As a corollary of reducing consumables, there was less time spent troubleshooting.
<p>The system needed to be adaptable in other ways. It had to be compatible with HIS and LIS. It had to be able to integrate the hospital’s 300 POC devices, so there are 190 different drivers available for easy device integration. Quality needed to be consistent across all sites, with impeccable paperless trails to ease ISO reaccreditation. Over the last five years St. James has been accredited with no non- conformance found.</p><p>Corollary benefits include a 33 percent reduction in consumables (by monitoring reagent usage). Troubleshooting time was cut in half, to three hours a week. The staff spends less time on day-to-day maintenance and more time on clinical audits, with additional improvements in patient outcomes. Only two people manage the entire POC operation. “This would have been impossible without digitalization,” observes Dempsey.</p>
Felicity Dempsey, former POCT manager at the St. James Hospital, Dublin
<p>Swedish Covenant Hospital in Chicago, Illinois, is a mid-sized city hospital with 312 beds and a few peculiarities: 40 languages are spoken by its staff and they handle more than 285,000 outpatient visits a year. Its laboratory of 65 fulltime-equivalent (FTE) employees does 1,400,000 tests annually.</p><p>Susan Dawson, laboratory administrative director, wanted to increase efficiency, ensure topnotch results for patients, eliminate paper, and improve quality of life for her staff. She introduced data management digitalization in 2002 and has been enriching and fine-tuning the system ever since. Today the system is paperless from the physician’s order to labeling, processing, analysis, review, verification, and reported results. No errors occur from misreading a doctor’s order (physicians’ handwriting is notoriously illegible), a label, or a bedside binder because all is digital.</p>
After the introduction of Data Management Digitalization in Chicago, there was a significant improvement in workflow.
<p>Auto-validation of testing has resulted in a major improvement in workflow. Technicians focus only on tests that fall outside of an established range, while the 60–80 percent of tests that can be auto validated are processed automatically. Technicians love this feature because it saves time, relieves boredom, and reduces errors.</p><p>Dawson admits that some of her staff resisted when the system was first proposed. She won them over by investing them in the project: What information did they need? How should it be visualized? How could color-coding be used to improve comprehension? Because the system is flexible, modifications have been easy to implement, and improvements continue to this day. Quality is up, manual labor is down, and employees are more energized. “An empowered staff equals positive results,” she notes.</p>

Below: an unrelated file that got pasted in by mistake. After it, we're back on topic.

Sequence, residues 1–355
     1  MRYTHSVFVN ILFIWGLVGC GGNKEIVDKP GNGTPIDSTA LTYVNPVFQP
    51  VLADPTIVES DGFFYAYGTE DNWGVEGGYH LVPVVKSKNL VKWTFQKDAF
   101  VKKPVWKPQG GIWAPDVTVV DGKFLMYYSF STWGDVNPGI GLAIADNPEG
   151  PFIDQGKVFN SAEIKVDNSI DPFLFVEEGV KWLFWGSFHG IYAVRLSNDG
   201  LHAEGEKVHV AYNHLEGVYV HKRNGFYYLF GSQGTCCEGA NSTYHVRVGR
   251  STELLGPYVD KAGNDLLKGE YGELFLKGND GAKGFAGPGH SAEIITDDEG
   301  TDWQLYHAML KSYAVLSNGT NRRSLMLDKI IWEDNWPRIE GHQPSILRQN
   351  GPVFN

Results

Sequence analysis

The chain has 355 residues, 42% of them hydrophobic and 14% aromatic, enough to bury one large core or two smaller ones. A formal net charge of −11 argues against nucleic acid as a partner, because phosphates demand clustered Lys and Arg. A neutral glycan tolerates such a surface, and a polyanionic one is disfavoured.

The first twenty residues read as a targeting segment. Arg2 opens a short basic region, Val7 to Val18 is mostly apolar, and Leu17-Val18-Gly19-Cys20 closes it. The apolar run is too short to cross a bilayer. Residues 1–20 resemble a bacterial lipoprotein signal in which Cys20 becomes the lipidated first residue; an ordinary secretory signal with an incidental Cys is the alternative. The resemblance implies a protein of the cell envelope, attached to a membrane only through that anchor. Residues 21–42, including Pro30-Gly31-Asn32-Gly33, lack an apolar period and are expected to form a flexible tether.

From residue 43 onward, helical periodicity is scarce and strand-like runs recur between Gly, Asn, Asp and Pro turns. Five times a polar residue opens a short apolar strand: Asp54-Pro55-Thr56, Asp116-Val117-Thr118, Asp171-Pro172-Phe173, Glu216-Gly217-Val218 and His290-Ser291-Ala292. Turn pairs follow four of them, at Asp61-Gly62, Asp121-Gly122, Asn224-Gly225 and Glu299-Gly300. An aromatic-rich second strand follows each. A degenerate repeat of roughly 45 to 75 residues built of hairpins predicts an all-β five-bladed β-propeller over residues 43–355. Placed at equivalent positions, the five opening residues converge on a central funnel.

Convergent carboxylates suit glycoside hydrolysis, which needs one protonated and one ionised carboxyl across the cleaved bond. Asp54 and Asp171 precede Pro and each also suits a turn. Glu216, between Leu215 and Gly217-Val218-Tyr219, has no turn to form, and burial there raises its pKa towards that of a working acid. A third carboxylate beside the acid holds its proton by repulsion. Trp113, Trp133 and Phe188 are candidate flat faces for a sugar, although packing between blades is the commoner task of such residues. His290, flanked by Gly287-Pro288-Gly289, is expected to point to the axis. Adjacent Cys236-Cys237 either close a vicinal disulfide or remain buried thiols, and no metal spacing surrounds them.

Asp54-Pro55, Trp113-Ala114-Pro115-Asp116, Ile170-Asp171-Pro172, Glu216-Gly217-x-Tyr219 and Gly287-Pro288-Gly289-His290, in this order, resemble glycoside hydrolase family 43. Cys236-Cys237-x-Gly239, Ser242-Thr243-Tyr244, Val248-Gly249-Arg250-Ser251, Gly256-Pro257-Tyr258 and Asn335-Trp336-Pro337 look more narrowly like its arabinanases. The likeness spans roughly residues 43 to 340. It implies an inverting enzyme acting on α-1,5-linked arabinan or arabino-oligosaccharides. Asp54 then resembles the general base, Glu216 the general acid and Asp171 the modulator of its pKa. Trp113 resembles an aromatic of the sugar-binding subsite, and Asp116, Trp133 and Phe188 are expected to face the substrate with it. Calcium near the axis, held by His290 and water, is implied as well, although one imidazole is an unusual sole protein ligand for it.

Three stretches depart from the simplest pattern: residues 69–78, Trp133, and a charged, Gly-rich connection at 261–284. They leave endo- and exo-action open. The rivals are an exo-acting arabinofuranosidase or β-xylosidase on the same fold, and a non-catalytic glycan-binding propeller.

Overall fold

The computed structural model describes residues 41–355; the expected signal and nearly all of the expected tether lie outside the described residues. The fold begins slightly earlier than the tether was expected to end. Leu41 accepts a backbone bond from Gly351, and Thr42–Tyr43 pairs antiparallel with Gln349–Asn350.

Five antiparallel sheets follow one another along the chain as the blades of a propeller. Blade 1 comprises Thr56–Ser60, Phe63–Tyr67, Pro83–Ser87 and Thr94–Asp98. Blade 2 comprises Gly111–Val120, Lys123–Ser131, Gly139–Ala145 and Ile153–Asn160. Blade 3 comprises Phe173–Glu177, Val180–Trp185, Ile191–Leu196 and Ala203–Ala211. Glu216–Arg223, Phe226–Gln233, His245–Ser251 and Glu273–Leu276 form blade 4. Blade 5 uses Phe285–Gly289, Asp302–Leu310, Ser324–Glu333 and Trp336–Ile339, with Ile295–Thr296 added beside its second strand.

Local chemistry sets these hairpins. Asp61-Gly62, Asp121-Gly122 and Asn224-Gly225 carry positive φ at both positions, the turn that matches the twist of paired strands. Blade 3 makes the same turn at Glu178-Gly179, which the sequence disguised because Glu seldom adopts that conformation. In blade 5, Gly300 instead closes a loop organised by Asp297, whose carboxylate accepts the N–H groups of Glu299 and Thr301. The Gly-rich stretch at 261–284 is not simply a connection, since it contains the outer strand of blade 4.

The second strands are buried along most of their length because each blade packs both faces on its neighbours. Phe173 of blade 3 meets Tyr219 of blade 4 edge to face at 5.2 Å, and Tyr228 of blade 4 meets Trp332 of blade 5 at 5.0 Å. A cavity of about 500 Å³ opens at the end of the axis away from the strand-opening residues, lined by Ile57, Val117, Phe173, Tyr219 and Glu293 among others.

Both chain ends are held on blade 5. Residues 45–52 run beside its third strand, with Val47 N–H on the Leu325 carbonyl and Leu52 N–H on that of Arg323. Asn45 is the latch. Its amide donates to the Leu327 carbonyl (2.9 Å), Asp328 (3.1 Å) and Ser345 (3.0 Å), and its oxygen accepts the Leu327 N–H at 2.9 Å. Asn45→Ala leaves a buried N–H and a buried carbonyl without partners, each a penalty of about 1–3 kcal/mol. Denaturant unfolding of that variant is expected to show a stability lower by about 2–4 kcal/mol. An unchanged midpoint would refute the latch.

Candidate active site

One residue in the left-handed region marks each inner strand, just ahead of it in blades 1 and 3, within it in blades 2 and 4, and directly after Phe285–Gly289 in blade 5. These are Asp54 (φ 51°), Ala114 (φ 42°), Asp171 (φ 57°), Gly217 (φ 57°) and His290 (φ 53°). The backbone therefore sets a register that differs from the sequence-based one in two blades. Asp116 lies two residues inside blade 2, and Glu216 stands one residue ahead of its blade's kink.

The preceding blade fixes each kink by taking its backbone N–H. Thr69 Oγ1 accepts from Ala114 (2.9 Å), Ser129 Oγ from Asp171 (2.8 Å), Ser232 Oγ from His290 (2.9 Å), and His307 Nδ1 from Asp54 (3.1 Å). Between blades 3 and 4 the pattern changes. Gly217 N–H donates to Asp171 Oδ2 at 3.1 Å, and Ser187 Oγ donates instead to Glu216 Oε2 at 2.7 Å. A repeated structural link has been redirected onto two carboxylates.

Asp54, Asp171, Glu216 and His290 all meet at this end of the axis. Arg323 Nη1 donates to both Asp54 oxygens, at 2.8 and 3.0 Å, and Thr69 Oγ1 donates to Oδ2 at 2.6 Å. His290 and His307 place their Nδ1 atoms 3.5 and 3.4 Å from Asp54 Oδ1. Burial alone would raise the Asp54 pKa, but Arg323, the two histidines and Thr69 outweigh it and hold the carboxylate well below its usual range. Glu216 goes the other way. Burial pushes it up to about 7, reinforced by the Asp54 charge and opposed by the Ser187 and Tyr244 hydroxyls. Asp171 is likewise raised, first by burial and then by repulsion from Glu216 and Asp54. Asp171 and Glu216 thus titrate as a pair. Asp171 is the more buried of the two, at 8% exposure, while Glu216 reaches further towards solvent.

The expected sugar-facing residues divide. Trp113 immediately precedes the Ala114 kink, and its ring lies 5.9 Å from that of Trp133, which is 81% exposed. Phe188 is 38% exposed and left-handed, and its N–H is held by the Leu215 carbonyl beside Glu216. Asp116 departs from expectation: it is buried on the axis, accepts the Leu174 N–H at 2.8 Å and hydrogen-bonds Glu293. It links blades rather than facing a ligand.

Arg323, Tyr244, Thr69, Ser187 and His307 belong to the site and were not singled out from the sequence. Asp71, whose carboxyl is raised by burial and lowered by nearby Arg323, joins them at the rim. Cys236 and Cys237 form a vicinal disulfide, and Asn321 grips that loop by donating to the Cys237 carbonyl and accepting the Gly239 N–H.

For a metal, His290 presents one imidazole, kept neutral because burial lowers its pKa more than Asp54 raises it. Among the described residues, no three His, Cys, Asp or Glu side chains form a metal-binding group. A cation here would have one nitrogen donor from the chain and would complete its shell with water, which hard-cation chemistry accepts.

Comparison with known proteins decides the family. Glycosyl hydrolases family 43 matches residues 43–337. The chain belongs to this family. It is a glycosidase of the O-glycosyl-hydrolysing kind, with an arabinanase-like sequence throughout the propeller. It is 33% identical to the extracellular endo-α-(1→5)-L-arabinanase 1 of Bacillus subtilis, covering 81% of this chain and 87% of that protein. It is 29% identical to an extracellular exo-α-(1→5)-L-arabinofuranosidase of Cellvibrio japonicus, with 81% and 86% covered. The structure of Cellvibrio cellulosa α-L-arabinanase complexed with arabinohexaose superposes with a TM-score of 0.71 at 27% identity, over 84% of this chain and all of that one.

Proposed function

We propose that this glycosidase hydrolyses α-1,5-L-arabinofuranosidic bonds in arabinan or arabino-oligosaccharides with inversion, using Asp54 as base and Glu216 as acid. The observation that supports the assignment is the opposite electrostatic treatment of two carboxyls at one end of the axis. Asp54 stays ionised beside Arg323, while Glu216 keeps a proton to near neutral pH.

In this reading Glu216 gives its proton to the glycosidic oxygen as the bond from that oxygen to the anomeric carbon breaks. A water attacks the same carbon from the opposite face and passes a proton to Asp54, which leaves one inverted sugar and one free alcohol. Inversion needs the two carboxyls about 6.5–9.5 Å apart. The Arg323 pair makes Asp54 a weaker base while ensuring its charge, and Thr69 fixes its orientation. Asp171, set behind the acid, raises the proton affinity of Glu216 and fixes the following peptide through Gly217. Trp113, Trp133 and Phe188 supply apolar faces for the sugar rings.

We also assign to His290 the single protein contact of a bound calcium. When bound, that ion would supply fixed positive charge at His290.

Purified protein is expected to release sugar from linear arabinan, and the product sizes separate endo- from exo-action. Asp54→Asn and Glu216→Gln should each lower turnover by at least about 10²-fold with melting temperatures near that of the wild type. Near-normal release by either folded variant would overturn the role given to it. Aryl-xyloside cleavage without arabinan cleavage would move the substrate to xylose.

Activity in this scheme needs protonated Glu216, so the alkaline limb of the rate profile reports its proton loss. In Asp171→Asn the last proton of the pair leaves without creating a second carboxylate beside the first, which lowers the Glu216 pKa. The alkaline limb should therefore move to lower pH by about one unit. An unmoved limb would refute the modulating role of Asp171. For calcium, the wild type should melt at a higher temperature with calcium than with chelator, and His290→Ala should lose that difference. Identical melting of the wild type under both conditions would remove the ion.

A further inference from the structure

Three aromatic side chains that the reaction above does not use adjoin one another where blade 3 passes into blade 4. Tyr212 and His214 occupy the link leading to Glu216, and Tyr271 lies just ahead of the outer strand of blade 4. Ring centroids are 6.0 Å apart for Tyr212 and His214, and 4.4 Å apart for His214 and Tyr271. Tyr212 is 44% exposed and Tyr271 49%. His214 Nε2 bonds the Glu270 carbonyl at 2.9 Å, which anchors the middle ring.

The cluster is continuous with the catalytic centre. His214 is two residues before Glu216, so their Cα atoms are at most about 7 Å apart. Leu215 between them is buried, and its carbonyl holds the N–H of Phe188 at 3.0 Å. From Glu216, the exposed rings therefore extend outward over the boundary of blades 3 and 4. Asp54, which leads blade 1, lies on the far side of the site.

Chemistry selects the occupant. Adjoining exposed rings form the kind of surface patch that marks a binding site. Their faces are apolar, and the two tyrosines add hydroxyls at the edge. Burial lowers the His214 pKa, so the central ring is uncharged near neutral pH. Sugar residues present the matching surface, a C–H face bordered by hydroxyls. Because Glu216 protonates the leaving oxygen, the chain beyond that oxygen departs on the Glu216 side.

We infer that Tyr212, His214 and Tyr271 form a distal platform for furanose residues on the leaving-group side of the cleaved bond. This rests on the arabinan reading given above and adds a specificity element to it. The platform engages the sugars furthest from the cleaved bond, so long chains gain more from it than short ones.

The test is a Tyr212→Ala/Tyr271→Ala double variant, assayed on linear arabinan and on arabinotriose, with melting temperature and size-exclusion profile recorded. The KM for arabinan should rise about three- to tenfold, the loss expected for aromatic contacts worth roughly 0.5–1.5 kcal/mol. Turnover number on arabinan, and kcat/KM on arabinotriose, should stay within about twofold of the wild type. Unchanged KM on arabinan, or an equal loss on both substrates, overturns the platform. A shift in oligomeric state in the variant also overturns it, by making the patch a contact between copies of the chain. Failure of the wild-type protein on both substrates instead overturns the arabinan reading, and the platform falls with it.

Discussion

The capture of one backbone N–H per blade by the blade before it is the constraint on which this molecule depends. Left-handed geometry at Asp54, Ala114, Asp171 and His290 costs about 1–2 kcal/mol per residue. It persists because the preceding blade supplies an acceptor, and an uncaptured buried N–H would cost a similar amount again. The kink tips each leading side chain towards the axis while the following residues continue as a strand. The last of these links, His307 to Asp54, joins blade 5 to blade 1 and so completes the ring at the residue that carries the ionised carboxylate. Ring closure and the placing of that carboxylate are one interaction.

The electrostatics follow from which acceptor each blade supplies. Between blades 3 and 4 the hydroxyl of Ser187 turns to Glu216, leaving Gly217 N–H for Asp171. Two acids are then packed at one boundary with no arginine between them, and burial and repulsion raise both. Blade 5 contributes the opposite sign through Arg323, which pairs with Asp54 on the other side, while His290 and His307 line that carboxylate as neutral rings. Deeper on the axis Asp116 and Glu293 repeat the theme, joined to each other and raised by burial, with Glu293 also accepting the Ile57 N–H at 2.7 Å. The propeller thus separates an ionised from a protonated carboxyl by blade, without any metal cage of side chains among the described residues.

Susan Dawson, laboratory administrative director at the Swedish Covenant Hospital, Chicago, Illinois
<p>Flexibility is key to a well-designed digital solution for many reasons:</p><ul><li>A digital solution may consist of a number of suppliers; flexibility is needed to integrate them effectively.</li><li>A hospital may merge into a larger network, so its digital solutions need to be adaptable.</li><li>Technology continues to evolve, so a hospital may want to add new features periodically.</li></ul><p>Tomorrow’s digital lab is already taking shape, and AI (artificial intelligence) will play a major role in its development. There is no other way to handle the volumes of Big Data being generated, and the healthcare industry is just beginning to grasp their significance, claims Gian Franco Gensini, MD, of the Società Italiana di Telemedicina (Italian Society of Telemedicine). In the future, he suggests, such information will be used to identify case patterns, develop instructional materials, support decisions, and predict outcomes, all with complete traceability.</p><p>Mora of Siemens Healthineers notes that laboratories and hospitals are obliged to store data for determined periods, so it makes sense to leverage this information for operational improvements. Already pilot programs exist to facilitate risk assessment for specific diseases, support diagnoses, and suggest customized therapy options. The examination of millions of cases and massive amounts of data helps personalize treatment, while the doctor-patient relationship remains inviolate.</p><p>That is the essence of healthcare technology – data-driven systems to support people, physicians and patients, at the core. No genies needed.</p>

By Claudia Flisi
Claudia Flisi is a bicultural journalist based in Italy. She has contributed to the International New York Times, Newsweek, and many other publications about the intersections of science, culture, healthcare, and technology.